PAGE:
At its April meeting, the NCAA Division I Swimming and Diving Committee reaffirmed its policy of requiring host facilities to leave a certain number of tickets available to the general public.
Current ticket sales guidelines state that, whenever possible, 7% of the total number of seats available in each venue should be reserved for public sale. This policy was put in place to ensure that tickets do not sell out from the team’s bulk sales before the public has an opportunity to purchase them.
The committee also encouraged hosts of the 2023 NCAA Division I Swimming and Diving Championships to also follow the policy.
The pre-public sellouts have become the norm in recent years, especially in the men’s championship. That almost certainly would have happened again in 2023, with both meets taking place at smaller facilities: the women will swim in Tennessee from March 15-18 and the men will be in Minnesota from March 22-25. Tennessee can accommodate up to 1,800 off-deck, while Minnesota holds only 1,350 off-deck. Both are smaller than the 1,900-seat McAuely Aquatic Center at Georgia Tech that hosted last year’s meet. With concern over the COVID-19 pandemic waning, this year’s men’s meet in Minnesota will almost certainly be sold out.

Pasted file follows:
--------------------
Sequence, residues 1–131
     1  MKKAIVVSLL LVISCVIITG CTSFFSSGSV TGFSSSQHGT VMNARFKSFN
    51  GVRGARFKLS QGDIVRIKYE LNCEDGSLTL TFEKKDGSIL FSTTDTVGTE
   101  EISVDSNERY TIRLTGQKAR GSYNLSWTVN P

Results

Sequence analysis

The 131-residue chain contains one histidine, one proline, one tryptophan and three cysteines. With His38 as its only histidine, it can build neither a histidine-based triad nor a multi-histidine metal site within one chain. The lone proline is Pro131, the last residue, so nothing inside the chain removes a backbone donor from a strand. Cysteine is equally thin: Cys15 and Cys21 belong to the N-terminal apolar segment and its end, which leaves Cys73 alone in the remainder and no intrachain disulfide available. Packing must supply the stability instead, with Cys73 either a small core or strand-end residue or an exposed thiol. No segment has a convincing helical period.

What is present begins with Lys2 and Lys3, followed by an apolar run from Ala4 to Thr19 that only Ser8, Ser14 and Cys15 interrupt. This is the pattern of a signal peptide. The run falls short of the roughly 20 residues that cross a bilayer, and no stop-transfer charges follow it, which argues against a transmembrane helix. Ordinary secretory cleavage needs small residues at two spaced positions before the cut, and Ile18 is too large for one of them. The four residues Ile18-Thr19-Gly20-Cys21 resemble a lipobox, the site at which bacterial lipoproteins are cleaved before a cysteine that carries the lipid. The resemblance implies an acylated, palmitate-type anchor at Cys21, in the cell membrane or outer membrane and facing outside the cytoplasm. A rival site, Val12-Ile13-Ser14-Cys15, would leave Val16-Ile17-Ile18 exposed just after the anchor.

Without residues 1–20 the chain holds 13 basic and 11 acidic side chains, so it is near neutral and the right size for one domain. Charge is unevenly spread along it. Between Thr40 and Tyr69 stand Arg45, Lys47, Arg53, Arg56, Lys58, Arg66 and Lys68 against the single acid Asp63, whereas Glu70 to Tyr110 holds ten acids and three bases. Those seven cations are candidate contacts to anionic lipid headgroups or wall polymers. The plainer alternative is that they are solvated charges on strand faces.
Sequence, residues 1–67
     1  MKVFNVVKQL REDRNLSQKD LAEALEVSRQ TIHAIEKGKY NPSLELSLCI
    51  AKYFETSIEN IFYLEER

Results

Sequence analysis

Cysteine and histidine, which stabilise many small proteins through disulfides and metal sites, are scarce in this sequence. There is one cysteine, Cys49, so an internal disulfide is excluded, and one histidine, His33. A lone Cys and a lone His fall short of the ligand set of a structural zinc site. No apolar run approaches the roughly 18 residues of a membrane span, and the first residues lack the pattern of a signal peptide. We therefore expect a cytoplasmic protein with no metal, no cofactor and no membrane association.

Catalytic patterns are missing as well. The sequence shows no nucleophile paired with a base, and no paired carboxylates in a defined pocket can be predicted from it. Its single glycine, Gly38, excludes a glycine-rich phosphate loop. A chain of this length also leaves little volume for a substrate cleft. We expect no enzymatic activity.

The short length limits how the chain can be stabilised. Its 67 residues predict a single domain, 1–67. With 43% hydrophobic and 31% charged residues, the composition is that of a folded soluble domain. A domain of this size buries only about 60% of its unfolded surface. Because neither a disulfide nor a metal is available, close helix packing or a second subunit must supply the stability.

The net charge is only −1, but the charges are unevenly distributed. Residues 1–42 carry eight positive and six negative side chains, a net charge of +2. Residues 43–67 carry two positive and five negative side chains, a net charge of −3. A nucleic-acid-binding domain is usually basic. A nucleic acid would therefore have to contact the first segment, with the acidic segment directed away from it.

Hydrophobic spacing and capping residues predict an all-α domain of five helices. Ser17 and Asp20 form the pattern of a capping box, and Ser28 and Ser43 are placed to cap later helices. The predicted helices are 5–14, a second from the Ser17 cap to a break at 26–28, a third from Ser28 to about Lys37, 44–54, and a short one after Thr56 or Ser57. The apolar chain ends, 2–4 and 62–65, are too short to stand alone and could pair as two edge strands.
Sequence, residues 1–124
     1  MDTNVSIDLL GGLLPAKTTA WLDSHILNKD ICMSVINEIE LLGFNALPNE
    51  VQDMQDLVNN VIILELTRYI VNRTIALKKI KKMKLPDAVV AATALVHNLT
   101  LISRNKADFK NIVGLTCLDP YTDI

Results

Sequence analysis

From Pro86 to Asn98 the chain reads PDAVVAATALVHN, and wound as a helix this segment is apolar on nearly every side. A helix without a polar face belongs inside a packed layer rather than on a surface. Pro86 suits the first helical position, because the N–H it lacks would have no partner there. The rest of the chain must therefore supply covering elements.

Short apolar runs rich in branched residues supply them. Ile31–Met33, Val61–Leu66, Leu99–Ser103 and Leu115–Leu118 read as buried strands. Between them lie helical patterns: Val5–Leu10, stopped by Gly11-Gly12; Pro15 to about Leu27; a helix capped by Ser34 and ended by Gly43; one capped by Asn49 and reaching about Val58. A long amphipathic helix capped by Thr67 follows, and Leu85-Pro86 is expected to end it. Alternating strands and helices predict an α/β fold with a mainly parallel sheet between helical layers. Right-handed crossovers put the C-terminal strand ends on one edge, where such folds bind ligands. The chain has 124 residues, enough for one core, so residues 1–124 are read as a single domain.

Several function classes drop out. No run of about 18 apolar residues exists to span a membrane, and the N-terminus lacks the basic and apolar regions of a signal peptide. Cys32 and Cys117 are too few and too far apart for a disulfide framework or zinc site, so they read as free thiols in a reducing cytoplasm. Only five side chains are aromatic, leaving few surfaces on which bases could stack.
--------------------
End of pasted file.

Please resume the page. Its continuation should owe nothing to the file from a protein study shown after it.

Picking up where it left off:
If 7% of tickets go on public sale, there will be 126 all-session tickets available to the public in Knoxville. Jean K. Freeman would leave 94 all-session tickets on public sale.
Before tickets open to the public, teams are allowed to request tickets, with up to 40 per team being processed first. Typically, teams sell these tickets to parents of qualifying athletes, but team tickets can also go to alumni or friends of the program. Applying for or buying tickets early is a gamble, as NCAA invites aren’t finalized until early March, and invites for most athletes are still very much in January. Since teams have priority access to tickets, the majority of “best seats” are purchased by teams before tickets are available to the general public.
When there are tickets left after the team blocks have ended, they are usually not along the main competition pool, but rather along the adjacent warm-up pools or dive pits.